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The impact of Helms-Burton one year after the activation of Title III by the Trump Government

| News | Cuban Desk

Ignacio Aparicio analyses the impact of Trump's decision on the assets confiscated by Fidel in Cuba

In May last year, United States President Donald Trump authorized the entry into force of Title 3 of the Helms-Burton Act of 1996. This allowed Americans who had assets of any kind, land, property or business interests confiscated in Cuba by the 1959 Revolution to sue the companies and citizens who had benefited from their properties, in United States federal courts. An American justice commission (the Foreign Claim Settlement Commission "FCSC") had calculated at the time that there could be thousands of lawsuits. Only the number of those that would have some enforceability according to that body could be 5,913 ("certified claims").

More than a year later, of those certified claims, only 9 lawsuits were opened in the U.S. courts to claim damages for the "improper" use of those assets confiscated by Fidel Castro (photo) and another 20 that the FCSC had not been aware of. Moreover, they are being systematically rejected by the courts. "People who want to prove that they own or have some right to property in Cuba need to obtain documents from Cuba to prove their property rights, but this is proving very difficult," says Ignacio Aparicio, a Spanish lawyer with the Andersen firm in Madrid. "In addition, it is often difficult to prove full heirship status for the claimants, whose property was once expropriated.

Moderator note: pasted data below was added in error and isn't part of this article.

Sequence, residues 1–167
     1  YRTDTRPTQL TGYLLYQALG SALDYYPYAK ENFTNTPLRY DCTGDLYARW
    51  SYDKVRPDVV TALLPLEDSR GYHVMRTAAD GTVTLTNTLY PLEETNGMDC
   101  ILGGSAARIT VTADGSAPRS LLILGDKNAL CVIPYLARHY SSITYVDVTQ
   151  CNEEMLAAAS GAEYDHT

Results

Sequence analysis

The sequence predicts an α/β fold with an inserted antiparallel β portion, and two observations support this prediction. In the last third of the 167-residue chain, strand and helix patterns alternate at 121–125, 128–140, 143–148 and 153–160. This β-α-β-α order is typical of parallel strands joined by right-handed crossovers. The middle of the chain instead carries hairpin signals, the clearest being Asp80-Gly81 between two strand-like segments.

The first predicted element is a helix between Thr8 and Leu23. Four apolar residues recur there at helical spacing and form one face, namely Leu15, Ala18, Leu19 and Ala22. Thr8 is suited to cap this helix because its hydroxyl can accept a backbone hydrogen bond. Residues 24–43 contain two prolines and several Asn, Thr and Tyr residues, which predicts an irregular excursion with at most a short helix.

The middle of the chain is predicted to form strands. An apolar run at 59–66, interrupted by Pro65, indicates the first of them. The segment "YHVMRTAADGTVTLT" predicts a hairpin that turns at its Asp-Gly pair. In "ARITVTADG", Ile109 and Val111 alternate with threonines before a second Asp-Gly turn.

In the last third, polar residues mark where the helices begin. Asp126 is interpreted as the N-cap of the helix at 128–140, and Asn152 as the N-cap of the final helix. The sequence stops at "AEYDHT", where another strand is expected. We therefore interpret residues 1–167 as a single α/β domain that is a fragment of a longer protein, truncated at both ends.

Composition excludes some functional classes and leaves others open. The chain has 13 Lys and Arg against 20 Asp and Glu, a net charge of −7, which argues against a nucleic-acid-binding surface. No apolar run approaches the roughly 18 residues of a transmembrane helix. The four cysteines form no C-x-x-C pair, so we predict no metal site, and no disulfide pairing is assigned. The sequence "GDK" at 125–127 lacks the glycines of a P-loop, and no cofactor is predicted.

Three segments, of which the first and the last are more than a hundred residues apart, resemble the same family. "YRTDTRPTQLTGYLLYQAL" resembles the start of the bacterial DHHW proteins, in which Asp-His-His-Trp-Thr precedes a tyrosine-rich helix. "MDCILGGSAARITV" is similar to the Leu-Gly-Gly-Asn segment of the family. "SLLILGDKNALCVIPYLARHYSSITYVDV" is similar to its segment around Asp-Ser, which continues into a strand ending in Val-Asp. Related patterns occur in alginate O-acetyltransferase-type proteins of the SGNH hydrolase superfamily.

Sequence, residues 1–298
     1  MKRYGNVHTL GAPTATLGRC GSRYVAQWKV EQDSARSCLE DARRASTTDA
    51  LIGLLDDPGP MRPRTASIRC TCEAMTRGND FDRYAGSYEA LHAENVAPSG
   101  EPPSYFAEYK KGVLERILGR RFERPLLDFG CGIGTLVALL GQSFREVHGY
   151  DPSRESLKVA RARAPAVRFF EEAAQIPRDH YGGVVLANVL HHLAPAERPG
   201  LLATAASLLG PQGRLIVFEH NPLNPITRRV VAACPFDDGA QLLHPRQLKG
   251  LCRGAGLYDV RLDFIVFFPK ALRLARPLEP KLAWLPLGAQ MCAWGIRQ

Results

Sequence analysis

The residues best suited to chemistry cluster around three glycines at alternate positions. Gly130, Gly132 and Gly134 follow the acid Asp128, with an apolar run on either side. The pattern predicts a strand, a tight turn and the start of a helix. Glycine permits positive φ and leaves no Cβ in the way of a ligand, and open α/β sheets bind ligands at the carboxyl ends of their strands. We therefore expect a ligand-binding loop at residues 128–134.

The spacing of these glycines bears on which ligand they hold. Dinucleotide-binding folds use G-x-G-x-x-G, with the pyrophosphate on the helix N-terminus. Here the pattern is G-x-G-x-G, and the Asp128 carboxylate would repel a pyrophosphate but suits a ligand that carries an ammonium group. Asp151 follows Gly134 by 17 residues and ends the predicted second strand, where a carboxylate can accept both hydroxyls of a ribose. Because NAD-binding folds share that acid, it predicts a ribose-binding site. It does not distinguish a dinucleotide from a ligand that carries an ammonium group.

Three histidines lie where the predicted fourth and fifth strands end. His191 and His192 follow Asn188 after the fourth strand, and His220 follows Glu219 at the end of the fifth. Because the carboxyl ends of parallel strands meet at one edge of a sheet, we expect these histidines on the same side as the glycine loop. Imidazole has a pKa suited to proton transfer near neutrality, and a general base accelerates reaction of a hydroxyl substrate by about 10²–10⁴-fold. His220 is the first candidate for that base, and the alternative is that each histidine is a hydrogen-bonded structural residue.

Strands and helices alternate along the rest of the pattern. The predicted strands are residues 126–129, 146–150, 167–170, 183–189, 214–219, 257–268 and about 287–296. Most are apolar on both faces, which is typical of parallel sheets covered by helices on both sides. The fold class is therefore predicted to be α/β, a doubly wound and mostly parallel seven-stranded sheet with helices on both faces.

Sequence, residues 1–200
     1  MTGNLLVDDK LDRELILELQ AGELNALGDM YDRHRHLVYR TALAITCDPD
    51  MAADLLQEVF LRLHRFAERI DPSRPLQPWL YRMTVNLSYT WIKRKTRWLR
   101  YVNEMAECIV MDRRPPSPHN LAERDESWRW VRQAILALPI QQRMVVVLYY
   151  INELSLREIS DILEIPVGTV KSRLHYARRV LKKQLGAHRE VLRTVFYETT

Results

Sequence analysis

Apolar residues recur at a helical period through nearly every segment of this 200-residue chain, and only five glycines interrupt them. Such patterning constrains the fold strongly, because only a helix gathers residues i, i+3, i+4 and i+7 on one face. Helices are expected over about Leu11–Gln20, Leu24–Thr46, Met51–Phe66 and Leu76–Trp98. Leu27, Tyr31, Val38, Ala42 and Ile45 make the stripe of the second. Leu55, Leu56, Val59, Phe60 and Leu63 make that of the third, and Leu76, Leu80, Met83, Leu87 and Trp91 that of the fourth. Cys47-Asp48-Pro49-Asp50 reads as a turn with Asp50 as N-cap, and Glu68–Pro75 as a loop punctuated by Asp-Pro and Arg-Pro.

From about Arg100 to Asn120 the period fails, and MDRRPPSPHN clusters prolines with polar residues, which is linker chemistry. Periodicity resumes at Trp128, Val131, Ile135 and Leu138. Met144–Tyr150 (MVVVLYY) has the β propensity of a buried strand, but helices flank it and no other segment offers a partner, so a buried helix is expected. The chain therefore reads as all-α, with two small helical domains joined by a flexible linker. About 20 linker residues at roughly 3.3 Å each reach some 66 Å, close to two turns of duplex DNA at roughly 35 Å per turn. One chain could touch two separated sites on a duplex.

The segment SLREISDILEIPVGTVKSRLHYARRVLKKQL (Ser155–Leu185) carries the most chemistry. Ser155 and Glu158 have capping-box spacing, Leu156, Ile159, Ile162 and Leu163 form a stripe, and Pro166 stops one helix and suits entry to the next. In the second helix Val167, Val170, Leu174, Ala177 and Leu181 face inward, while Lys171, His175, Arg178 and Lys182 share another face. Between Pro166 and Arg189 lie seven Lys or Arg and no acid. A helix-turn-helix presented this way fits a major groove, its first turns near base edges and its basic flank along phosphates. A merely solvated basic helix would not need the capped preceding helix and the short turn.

Trump's attitude has had at least two consequences on the communist island. One is to reduce investment, as foreign entrepreneurs and those who finance their investments have begun to fear lawsuits for benefiting from other people's property. The other effect is related to Title 4 of the Helms-Burton Act. As a result, some directors of Spanish companies with investments on the island have been blocked from entering the United States.

In February, the director of the Spanish hotel chain Meliá, Gabriel Escarrer, received a letter prohibiting him from entering the United States. The chain has 37 hotels on the island and plans to open two more by 2022.

Spain is the country with the most companies being sued in U.S. courts due to the application of the Helms-Burton Act. In addition to Meliá, among the Spanish defendant companies present on the island are NH, Iberostar and BBVA.

You can see the article in Crusoé

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